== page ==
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Highland Park Walking Tour August 30

ALZA, Los Paisanos, Meet City Hall

The intersection of Aldama Street and Milwaukee Avenue in Highland Park is primarily a residential area, a mix of apartment buildings and modest single family homes.

There are, however, two small mom-and-pop style markets on Aldama. The larger of the two markets is Los Paisanos on the corner of Milwaukee and Aldama. Until recently, Los Paisanos was painted white, and its owners, the Antonios, state it was often a target for graffiti vandals. Then, in an effort to combat the tagging, the Antonios contracted with ALZA for a paint job and his trademark graffiti style signage. Whatever else can be said of ALZa, young taggers do seem to leave his artworks alone. Here is the ALZA job, complete with a "Wild Style" tag message along the side of the building. (More about Wild Style Grafitti here, heck, you can even buy Wild Style fonts for your computer)

A neighbor in the area complained to the City about the new signage. The city of L.A. ordered it painted over. The Antonios state the street- variety taggers have returned. Local media has taken up the Antonio's cause

Read the Los Angeles Times story by Steve Lopez here

Here's the KABC-TV story

Local bloggers, walterrrrr and El Chavo, are not exactly ALZA fans, and are less sympathic. Me? One of the remarkable things about being an "older woman" is that one can get away with a shrug and a sigh. It is what it is. :-)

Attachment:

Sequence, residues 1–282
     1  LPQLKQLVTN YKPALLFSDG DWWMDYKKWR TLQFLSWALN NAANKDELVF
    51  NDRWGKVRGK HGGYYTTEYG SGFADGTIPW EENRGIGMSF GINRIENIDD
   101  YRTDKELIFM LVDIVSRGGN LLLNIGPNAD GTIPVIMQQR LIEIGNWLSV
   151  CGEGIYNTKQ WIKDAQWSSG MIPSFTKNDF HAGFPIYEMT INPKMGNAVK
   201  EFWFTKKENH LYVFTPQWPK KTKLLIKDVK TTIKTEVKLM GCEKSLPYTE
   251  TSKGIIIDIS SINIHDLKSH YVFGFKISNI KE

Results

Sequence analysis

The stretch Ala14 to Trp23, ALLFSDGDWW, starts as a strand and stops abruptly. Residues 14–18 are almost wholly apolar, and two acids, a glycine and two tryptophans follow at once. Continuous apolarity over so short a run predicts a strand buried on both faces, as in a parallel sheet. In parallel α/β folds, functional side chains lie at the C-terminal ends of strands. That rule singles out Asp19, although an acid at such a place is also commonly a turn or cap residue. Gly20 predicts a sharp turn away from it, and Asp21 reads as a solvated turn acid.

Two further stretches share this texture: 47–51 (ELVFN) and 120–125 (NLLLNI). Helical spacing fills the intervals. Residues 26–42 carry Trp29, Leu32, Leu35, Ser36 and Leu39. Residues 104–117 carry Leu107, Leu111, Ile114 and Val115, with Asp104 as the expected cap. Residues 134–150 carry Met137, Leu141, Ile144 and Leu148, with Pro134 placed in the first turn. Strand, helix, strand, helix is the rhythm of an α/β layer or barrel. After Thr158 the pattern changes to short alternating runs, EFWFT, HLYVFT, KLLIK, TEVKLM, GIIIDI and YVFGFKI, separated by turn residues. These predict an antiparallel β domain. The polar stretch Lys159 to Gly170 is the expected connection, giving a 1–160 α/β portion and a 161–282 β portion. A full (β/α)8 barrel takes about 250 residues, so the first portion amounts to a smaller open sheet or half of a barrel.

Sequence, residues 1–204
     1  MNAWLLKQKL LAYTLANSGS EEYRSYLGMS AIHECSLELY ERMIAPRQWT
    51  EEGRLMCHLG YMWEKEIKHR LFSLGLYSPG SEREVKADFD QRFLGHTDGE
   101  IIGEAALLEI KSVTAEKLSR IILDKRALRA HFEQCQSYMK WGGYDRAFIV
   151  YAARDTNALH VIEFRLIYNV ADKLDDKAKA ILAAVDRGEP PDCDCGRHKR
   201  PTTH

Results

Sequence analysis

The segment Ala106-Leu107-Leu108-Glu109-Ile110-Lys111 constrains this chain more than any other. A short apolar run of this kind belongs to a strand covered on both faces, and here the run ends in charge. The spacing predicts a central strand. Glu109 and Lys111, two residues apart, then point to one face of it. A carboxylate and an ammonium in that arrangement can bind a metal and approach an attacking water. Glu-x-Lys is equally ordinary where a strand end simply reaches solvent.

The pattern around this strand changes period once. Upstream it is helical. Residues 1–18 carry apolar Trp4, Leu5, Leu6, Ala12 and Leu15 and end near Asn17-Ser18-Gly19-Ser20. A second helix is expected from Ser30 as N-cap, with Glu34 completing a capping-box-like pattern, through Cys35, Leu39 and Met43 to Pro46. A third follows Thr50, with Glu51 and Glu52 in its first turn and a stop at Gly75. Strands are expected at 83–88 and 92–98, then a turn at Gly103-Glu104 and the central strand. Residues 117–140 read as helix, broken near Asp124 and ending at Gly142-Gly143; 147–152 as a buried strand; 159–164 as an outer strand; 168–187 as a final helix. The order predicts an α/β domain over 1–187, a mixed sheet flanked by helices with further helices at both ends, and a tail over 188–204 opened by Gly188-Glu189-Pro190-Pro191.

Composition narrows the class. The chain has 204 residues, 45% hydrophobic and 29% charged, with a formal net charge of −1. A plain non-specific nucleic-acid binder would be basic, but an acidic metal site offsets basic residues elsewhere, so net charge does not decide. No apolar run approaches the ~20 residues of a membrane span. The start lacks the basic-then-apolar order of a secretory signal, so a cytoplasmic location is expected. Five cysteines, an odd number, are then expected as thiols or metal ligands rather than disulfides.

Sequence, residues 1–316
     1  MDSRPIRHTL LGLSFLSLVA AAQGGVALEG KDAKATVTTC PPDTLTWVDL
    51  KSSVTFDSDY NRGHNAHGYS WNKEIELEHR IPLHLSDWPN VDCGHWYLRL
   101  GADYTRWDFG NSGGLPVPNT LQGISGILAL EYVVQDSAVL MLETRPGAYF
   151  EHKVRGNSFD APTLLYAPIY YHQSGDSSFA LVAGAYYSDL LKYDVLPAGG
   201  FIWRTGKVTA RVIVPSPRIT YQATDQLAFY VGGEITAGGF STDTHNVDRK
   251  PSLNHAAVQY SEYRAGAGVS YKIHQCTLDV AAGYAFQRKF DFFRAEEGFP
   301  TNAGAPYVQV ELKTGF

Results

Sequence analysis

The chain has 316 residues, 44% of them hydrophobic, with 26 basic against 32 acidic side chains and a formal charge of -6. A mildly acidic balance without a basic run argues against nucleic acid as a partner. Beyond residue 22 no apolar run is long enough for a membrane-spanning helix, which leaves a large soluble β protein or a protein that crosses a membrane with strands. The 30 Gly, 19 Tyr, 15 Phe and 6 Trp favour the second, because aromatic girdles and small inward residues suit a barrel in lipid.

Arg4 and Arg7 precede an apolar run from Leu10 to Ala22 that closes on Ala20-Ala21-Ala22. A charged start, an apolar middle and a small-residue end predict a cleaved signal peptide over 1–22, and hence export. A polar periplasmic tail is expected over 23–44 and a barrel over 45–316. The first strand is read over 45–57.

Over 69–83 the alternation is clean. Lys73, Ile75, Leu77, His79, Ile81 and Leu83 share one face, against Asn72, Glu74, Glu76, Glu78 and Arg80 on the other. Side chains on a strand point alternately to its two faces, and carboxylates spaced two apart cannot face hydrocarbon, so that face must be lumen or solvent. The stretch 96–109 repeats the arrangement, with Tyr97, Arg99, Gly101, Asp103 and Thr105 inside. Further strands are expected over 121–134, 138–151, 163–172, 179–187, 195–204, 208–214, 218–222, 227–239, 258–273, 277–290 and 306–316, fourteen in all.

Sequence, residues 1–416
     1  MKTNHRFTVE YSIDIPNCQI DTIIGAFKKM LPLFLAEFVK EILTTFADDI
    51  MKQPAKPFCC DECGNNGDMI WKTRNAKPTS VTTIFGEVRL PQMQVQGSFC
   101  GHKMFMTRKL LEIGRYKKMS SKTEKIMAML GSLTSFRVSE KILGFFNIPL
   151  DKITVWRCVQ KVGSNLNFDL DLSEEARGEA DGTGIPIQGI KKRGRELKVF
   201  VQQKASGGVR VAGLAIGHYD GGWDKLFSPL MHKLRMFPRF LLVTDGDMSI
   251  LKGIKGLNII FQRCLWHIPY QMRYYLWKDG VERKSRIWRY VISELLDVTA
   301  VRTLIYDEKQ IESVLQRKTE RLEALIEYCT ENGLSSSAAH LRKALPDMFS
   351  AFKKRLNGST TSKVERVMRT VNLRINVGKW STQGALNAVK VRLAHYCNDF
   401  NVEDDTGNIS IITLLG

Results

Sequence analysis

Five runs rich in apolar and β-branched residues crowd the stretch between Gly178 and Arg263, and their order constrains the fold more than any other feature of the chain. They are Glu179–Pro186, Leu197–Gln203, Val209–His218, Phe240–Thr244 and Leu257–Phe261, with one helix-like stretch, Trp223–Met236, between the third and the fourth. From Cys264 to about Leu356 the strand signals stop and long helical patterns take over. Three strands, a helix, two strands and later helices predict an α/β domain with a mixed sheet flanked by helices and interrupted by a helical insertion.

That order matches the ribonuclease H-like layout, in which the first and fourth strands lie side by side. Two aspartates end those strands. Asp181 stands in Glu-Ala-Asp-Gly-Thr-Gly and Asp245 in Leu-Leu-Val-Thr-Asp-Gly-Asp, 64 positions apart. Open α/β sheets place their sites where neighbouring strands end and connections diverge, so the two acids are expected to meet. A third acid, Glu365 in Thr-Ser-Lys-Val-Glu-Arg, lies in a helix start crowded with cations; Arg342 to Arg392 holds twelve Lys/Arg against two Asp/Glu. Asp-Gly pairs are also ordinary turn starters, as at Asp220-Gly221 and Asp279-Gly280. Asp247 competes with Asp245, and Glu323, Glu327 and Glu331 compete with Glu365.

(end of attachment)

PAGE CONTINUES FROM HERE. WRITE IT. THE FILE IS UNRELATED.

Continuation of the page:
Comments

Lola

Ok,

there is the question of do we like or not like his work, but ultimately my questions is: WHY WASN’T THE MURAL PERMITED BEFORE COMPLETION???
I have seen some really ugly murals go up; however, if the city approves and gives a permit, it would take allot more then one neighbor complaining for it to come down. It’s actually not that hard to get a city permit. And costs pennies. I recently spoke to a guy who is doing a similar style mural on a business, the mural is fantastic! But, I asked him if he pulled a permit to avoid it being taken down, and his rationalization for not getting a permit was that this style of art is meant to be recyclable, it’s fast and easy to do, and if it gets taken down, you just do a different one. I guess I sort of see his point, however, does the shop owner who is paying 3000$ know this?!!! I can’t speak for all graffiti artist, but maybe choosing to un-permit their work, may also be an incentive for media attention. This has drawn quite a bit of interest just because it was covered up. Maybe if he had gone through the legal system it would have been just another graffiti stylized mural. It’s a though.

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